a ways from *coding*.  At that stage, one doesn't even generally commit
to a specific programming language or other for the eventual
implementation of the components one's considering!  Rough ideas of
*EXPECTED* run-times (big-Theta) for various subcomponents one is
sketching are *MUCH* more interesting and important than "asymptotic 
worst-case for amounts of input tending to infinity" (big-O) -- for
example, where I sketch-in (mentally, on paper, or on whiteboard) a
"hash table" subcomponent, I consider the *expected* (Theta) performance
(constant-time lookups), definitely NOT the big-O "linear time" lookups
which just MIGHT occur (if, say, all inputs just happened to hash to the
same value)... otherwise, I'd never use hash tables, right?-)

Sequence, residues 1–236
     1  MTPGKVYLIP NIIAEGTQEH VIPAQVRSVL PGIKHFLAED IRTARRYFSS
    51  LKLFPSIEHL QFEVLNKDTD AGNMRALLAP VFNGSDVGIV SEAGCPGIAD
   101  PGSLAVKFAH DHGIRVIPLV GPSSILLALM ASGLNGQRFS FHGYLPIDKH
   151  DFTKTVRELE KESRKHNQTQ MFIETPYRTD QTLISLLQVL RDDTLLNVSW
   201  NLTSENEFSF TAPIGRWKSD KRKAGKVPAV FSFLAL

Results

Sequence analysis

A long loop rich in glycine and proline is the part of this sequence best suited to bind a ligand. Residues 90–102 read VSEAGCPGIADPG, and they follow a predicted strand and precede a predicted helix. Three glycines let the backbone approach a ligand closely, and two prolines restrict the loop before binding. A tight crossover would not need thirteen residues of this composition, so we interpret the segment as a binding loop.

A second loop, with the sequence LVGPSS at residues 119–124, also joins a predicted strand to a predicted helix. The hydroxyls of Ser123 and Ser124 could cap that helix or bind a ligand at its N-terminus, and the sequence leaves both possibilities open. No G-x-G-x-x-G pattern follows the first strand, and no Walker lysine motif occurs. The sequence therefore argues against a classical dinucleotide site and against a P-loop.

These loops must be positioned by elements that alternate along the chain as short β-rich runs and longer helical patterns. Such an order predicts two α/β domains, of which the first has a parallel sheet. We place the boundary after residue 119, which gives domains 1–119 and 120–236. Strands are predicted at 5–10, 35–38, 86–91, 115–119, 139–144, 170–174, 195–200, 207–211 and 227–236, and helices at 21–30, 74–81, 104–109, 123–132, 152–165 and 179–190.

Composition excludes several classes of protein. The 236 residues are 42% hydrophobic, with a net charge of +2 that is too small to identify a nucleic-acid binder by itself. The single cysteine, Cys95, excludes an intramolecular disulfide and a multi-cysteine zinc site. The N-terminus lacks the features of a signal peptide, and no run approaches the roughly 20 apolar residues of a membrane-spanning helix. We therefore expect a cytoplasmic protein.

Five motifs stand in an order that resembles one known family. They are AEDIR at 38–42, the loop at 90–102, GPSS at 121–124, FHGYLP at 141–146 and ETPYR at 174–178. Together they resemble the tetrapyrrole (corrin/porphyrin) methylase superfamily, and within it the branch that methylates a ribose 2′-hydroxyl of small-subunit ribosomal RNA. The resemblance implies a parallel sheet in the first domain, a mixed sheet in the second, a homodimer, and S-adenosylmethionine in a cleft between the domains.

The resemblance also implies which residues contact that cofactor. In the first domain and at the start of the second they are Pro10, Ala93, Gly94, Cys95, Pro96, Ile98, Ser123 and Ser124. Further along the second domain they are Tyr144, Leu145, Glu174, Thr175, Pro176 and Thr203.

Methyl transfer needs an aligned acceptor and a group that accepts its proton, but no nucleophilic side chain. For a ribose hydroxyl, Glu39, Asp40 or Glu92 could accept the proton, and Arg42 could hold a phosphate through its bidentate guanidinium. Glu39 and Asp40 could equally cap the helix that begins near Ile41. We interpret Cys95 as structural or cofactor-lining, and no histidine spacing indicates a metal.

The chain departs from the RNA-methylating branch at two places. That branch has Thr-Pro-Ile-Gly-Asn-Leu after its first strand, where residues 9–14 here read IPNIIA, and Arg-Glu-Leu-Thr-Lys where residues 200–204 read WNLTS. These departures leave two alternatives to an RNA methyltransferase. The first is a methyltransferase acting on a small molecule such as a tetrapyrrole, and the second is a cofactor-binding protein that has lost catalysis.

> > without getting all fat and flabby.
> Well, thinking can be hard work. There is no need
> to suggest an image of laziness. Thought experiments
> are also quite often successful. Hardware engineers
> can design very often entire gadgets without doing
> a great deal of testing. They usually need to resort
> to testing only if they know (or feel?) not to have
> a sufficiently clear *theoretical* grasp of the
> behavior of some part of their design.

Having been a hardware designer (of integrated circuits, for Texas
Instruments, and later briefly for IBM), before switching to software, I
can resolutely deny this assertion: only an utter madman would approve a
large production run of an IC who has not been EXTENSIVELY tested, in
simulations and quite possibly in breadboards and later in limited
pre-production runs.  And any larger "gadget" USING ICs would be